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Alpha in active funds matter of 6 months; futile to time the market: Morningstar

Alpha in active funds matter of 6 months; futile to time the market: Morningstar

Don't sell based on the "what have you done for me lately" rationale; no one knows the day or the hour when outperformance will strike.

If you stay invested in the market for the long haul, there are high chances that your investment will gain the benefit of critical months when the outperformance happens. If you stay invested in the market for the long haul, there are high chances that your investment will gain the benefit of critical months when the outperformance happens.

Timing the market to earn a robust return is every investor's goal. However, data shows that any outperformance in the stock market is a matter of few months - be it in individual stocks or mutual funds.

"On an average, Indian actively managed diversified equity funds' outperformance was attributable to a smaller proportion of months: 6 months or 5 per cent of all months in the 10-year period from March 2011 to February 2021," says a report from Morningstar.  This is lower than the number from 2019 study of 8 months or 6.7 per cent of all months.

For the overall markets, Indian stocks owed all their outperformance over cash to just 8 months, or 6.7 per cent of all months during the same period. "If you held stocks for all 112 months apart from those 8 months, which we will call "critical months," you would not have beaten cash," says the report.

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What does it mean?

'Time in the market', as is said often, matters more than 'timing the market'. If you stay invested in the market for the long haul, there are high chances that your investment will gain the benefit of critical months when the outperformance happens. If you miss those months, you will miss the risk premium equities enjoy over other asset classes.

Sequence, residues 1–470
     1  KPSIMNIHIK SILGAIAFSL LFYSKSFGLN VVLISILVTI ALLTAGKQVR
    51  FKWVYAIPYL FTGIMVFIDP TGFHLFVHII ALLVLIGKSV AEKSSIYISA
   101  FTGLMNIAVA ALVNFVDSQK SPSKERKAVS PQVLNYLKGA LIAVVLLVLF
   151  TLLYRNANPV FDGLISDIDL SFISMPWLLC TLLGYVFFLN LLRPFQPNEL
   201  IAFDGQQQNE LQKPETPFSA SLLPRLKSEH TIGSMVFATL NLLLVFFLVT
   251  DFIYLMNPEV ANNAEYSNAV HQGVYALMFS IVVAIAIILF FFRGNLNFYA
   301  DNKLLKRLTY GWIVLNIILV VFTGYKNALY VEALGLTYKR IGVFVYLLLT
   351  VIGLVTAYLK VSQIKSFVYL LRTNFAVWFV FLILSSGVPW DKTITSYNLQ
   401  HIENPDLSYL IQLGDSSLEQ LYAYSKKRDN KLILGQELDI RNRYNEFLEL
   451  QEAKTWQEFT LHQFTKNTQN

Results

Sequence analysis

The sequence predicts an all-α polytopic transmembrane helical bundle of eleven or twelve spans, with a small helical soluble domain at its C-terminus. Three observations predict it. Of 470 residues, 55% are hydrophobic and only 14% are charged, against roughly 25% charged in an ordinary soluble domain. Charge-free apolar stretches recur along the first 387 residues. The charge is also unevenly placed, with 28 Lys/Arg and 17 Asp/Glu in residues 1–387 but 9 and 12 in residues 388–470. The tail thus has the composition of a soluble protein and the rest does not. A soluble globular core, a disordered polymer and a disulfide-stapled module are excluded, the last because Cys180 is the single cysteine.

"The obvious implication of these findings is that it is exceedingly hazardous to try to time markets. Staying invested is the name of the game, be it in equities as an asset classes or the funds you select to invest through," says the report.

The report said there is a solid evidence that most actively managed funds' excess returns are not normally distributed.

"But from our perspective, the exact shape of that distribution does not matter. What matters - and this is the most practical implication of our findings - is that trying to find the best time to buy or sell a fund is most likely futile. Most of the time, even outperforming funds basically track or trail the index. If you think you have identified a skilled manager, the best course of action is to buy in or rupee cost average, regardless of the moment, and hold on to the fund over long periods of time," says the report.

"A good manager may take a long time before critical months materialize. Thus, don't sell based on the "what have you done for me lately" rationale. The gospel of wisdom can be adapted to active management: No one knows the day or the hour when outperformance will strike," it adds.

This is not just an Indian phenomenon. A global study released by Morningstar in 2019 revealed that similar trends existed for US large cap stocks for investments since 1926, where 5 per cent of the months were attributed for the overall outperformance over cash. Similarly, the global study of outperformance for the last 15 years found that 5 per cent of months account for the outperformance of actively managed funds globally.

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